Traveler Tips In Ramadan

recommends the following Ramadan etiquette points for travellers to Muslim countries during Ramadan:

1. Do not eat, drink or smoke in public – during fasting hours in most Muslim countries, it is considered impolite to have food, drink or cigarettes in public view. This also applies to travel on public transportation or in private cars. In countries like Egypt, abstinence from food and drink in public is a matter of courtesy, but in other countries such as Saudi Arabia, Jordan, Oman and the UAE, public observance of the fast is compulsory regardless of religion. Restaurants and cafes close during daylight hours, but most hotels offer room service and screened eating areas to non-Muslim visitors.  International SOS advises travellers to check local laws and customs pre-travel, to ensure a smooth trip. 

2. Dress modestly – the Holy Month of Ramadan is a time of devoutness, modesty and moderation. Travellers should refrain from wearing revealing clothing out of respect to those observing Ramadan. This is particularly important when visiting malls, hotels and restaurants or Iftar tents in the evening. As a general rule, clothing that is sheer, too short, low-cut or tight-fitting should be avoided, particularly shorts, miniskirts and sleeveless tops. 

3. Be mindful of workplace etiquette – business travellers to Muslim countries should respect the shorter office hours and work around them. When having business meetings with Muslims, it is best to schedule them in the morning when people are less tired and can better concentrate. It is also good to make sure that meetings do not occur over lunch, over-run or inconvenience fasting participants. While non-Muslims are permitted to eat and drink behind closed doors, they should avoid doing so in front of fasters and should instead excuse themselves to a more remote area of the office. If offered refreshments by a fasting Muslim, it is considered respectful to decline.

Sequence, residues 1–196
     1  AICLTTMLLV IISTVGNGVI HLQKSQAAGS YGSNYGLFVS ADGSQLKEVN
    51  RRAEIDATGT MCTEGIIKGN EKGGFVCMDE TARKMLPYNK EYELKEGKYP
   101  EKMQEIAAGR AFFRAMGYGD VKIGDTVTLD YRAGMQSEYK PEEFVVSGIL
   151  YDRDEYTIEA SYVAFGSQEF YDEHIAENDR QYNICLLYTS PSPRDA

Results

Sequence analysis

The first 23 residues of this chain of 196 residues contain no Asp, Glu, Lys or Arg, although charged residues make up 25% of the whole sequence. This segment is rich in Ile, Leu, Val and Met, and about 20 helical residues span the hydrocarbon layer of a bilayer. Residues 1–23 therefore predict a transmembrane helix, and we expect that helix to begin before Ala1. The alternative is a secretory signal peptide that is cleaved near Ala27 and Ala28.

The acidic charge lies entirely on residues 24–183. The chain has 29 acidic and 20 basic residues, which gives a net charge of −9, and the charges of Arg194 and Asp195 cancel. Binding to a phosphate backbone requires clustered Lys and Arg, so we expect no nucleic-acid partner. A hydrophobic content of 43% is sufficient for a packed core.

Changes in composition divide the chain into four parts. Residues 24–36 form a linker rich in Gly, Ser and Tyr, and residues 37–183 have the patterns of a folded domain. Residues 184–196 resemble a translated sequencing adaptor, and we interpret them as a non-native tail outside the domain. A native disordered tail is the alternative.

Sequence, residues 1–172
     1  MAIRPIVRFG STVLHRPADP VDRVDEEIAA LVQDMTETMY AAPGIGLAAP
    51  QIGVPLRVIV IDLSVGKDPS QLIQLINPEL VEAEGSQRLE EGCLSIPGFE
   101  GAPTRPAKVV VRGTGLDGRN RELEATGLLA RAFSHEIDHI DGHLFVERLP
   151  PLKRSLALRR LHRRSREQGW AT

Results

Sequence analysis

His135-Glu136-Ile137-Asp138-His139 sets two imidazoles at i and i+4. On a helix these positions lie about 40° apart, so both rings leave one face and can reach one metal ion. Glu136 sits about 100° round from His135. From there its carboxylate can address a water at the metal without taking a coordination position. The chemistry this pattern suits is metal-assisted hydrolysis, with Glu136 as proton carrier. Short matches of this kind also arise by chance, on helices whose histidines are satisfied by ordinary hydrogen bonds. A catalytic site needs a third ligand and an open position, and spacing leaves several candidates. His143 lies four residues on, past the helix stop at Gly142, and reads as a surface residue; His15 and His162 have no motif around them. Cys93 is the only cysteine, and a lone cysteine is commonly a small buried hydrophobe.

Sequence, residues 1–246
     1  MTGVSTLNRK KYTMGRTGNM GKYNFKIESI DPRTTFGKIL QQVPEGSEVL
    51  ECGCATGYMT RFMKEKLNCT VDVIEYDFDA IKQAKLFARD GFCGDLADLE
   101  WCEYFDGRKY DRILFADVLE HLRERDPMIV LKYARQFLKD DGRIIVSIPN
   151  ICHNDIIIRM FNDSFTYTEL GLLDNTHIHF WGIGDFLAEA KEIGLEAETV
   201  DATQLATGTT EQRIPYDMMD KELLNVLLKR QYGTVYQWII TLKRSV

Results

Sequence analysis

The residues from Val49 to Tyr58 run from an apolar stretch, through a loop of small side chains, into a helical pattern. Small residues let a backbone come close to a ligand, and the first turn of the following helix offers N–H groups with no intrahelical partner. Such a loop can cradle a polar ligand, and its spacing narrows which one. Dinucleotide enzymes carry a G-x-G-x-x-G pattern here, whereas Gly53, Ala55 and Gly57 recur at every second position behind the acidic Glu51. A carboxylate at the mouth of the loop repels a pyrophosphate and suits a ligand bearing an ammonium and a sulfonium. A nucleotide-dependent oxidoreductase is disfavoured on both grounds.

4. Check food and entertainment schedules – if you are travelling to a Muslim country during Ramadan, you should be prepared to be flexible with your food and entertainment plans. Avoid unnecessary travel within an hour of sunset, as traffic will be heavy and accident rates peak, and avoid making dinner reservations around that time, as most restaurants will be busy preparing/serving Iftar. In many places, live music entertainment is prohibited, dance clubs are closed, and bars are kept dry. Shopping malls are usually very crowded in the evening, and many tourist activities are put on hold throughout Ramadan. 

5. Additional tips – avoid public displays of affection, listening to loud music and chewing gum in public. Do not order alcohol or pork around Iftar at a restaurant.

Planning a trip to the Middle East this month? You’re in for a treat. Like in other Muslim-majority parts of the world, all attention will be centered on Ramadan, the month-long period of fasting observed annually by all Muslims across the globe. The holiday officially gets underway next week, and is scheduled to last through the first week in August.

Depending on where you go, many aspects of day-to-day life (eating, shopping, nightlife, transportation) are affected by the fasting — for example, driving can be particularly hazardous in the evenings as delirious, food-deprived workers all race home to enjoy their first meal of the day.

These changes can at first be disorienting to a non-Muslim traveler. However, rather than focus on the challenges, it is useful to see Ramadan as a way to experience another, more sensitive side of the culture you’re there to visit.

To help you better plan, here are five things to keep in mind while visiting the Middle East during Ramadan:

1. Throughout Ramadan, it is forbidden to eat, drink, smoke or chew gum in public during the day. This can be problematic for non-Muslim travelers who wish to respect the holiday while not having to abstain from meals themselves. As a solution, many hotels and shopping centers provide screened-off areas where it is permissible to eat and drink without offending.

2. Private businesses and government offices tend to shorten their hours during Ramadan, but public transportation continues as normal (meaning you can still rely on airports, taxis and Metro services to get you where you need to go). Additionally, many restaurants and shopping malls will extend their hours at night to accommodate those who have spent the day fasting.